LEC 7 Motivation in Practice.docx

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University of Toronto Scarborough
Management (MGH)
Joanna Heathcote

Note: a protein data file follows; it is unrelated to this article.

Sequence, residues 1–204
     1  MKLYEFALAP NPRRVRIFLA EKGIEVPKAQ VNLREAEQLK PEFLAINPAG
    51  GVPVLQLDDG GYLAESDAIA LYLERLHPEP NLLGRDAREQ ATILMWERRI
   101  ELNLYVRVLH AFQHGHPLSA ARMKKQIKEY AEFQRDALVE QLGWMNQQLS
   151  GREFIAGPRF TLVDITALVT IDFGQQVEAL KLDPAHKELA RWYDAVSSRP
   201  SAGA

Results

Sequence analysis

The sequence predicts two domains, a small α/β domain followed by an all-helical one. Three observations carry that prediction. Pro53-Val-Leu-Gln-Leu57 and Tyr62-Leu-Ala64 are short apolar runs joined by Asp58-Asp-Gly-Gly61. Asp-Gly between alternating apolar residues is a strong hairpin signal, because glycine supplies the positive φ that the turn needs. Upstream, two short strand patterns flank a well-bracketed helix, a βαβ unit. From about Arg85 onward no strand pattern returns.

LEC 7 MOTIVATION IN PRACTICE Linking Pay to Performance on Production Jobs The prototype of all schemes to link pay to performance on production jobs is piece-rate. Piece-rate refers to a pay system in which individual workers are paid a certain sum of money for each unit of production they complete. Various schemes to link pay to performance on production jobs are called wage incentive plans. The introduction of wage incentives usually leads to substantial increases in productivity. One of the best examples of the successful use of a wage incentive plan is the Lincoln Electric Company. Potential Problems with Wage Incentives Lowered Quality: Wage incentives can increase productivity at the expense of quality. Differential Opportunity: A threat to the establishment of wage incentives exists when workers have differential opportunities to produce at a high level. Reduced Cooperation: Wage incentives that reward individual productivity might decrease cooperation among workers. Incompatible Job Design: The way jobs are designed can make it very difficult to implement wage incentives. Restriction of Productivity: A major psychological impediment to the use of wage incentives is the tendency for workers to restrict productivity. Restriction of Productivity The artificial limitation of work output that can occur under wage incentive plans. Workers come to an informal agreement about what constitutes a fair day’s work. Reasons for Restriction of Productivity Employees feel that increased productivity due to the incentive will lead to reductions in the workforce. Employees fear that if they produce at an especially high level, an employer will reduce the rate of payment to cut labor costs. Restriction is less likely when a climate of trust and a history of good relations exist between employees and management. Linking Pay to Performance on White-Collar Jobs Objective indicators of individual performance on white-collar jobs are often difficult to find. Performance in many such jobs is often evaluated by the subjective judgment of an individual’s manager. Merit pay plans are systems that attempt to link pay to performance on white-collar jobs. Managers evaluate the performance of employees and then recommend some amount of merit pay be rewarded. Individuals who work under such a system often do not see a link between their job performance and pay. There is also evidence that pay is not related to performance under some merit pay plans. In most organizations, seniority, number of employees, and job level account for more variation in pay than performance does. Potential Problems with Merit Pay Plans Low Discrimination: Managers might be unable or unwilling to discriminate between good performers and poor performers. Small Increases: Sometimes merit increases are too small to be effective motivators. Some firms have replaced conventional merit pay with a lump sum bonus that is paid out all at one time and not built into base pay Pay Secrecy: Extreme secrecy that surrounds salaries in most organizations. Using Pay to Motivate Teamwork Some firms have either replaced or supplemented individual incentive pay with plans designed to foster more cooperation and teamwork. Organizations have to choose pay plans that support their strategic needs. Pay Plans to Motivate Teamwork  Profit sharing  Employee stock ownership plans (ESOPs)  Gainsharing  Skill-based pay Profit Sharing The return of some company profit to employees in the form of a cash bonus or a retirement supplement. One of the most commonly used group-oriented incentive systems. Profit Sharing (continued) A major problem is that many factors beyond the control of the workforce can affect profits no matter how well people perform their jobs. In a large firm, it is difficult to see the impact of one’s own actions on profits. Works best in small firms that regularly turn a profit. Employee Stock Ownership Plans (ESOPs) Incentive plans that allow employees to own a set amount of a company’s shares and provide employees with a stake in the company’s future earnings and success. Aligns employees’ goals and interests with those of the organization and creates a sense of legal and psychological ownership. Some evidence that ESOPs improve employee retention and profitability. They work best in small organizations that regularly make a profit. They lose their motivational potential in a weak economy when a company’s share price goes down. Gainsharing A group pay incentive plan based on productivity or performance improvements over which the workforce has some control. Such plans often include reductions in the cost of labour, material, or supplies. When measured costs decrease, the company pays a monthly bonus according to a predetermined formula that shares this “gain” between employees and the firm. The most common gainsharing plan is the Scanlon Plan. The Scanlon Plan Stresses participatory management and joint problem solving between employees and managers, and uses the pay system to reward employees for this cooperative behaviour. Pay is used to align company and employee goals. Productivity improvements have been shown to follow the introduction of Scanlon-type plans. Perception that the plan is fair is critical. Skill-Based Pay A system in which employees are paid according to the number of job skills they have acquired. The idea is to motivate employees to learn a wide variety of skills and work tasks. The more skills that are acquired, the higher the person’s pay. Encourages employee flexibility in task assignments and provides employees with a broader picture of the work process. Especially useful for self-managed teams and in flexible manufacturing. Training costs can be high. Have been found to improve productivity, lower labor costs, and reduce the amount of scrap. Job Design as a Motivator The goal of job design is to identify the characteristics that make some tasks more motivating than others and to capture these characteristics in the design of jobs. An attempt to capitalize on intrinsic motivation. Traditional Views of Job Design From the advent of the Industrial Revolution until the 1960s, the prevailing philosophy regarding the design of most non-managerial jobs was job simplification. Job Scope and Motivation Job scope refers to the breadth and depth of a job. Breadth refers to the number of different activities performed on the job. Depth refers to the degree of discretion or control the worker has over how these tasks are performed. Jobs that have great breadth and depth are called high-scope jobs. Job Rotation Another approach for increasing the scope of an individual’s job is job rotation. Employees are rotated to different tasks and jobs in an organization. It can involve working in different functional areas and departments. It can provide a variety of challenging assignments, develop new skills and expertise, and prepare employees for future roles. The Job Characteristics Model The Job Characteristics Model proposes that there are several “core” job characteristics that have a certain psycholog